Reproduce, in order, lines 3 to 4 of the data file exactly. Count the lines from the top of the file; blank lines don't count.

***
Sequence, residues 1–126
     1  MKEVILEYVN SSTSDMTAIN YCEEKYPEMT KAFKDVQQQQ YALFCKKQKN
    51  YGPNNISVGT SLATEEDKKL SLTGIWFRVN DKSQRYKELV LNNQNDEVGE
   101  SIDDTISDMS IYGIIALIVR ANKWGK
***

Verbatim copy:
    51  YGPNNISVGT SLATEEDKKL SLTGIWFRVN DKSQRYKELV LNNQNDEVGE
   101  SIDDTISDMS IYGIIALIVR ANKWGK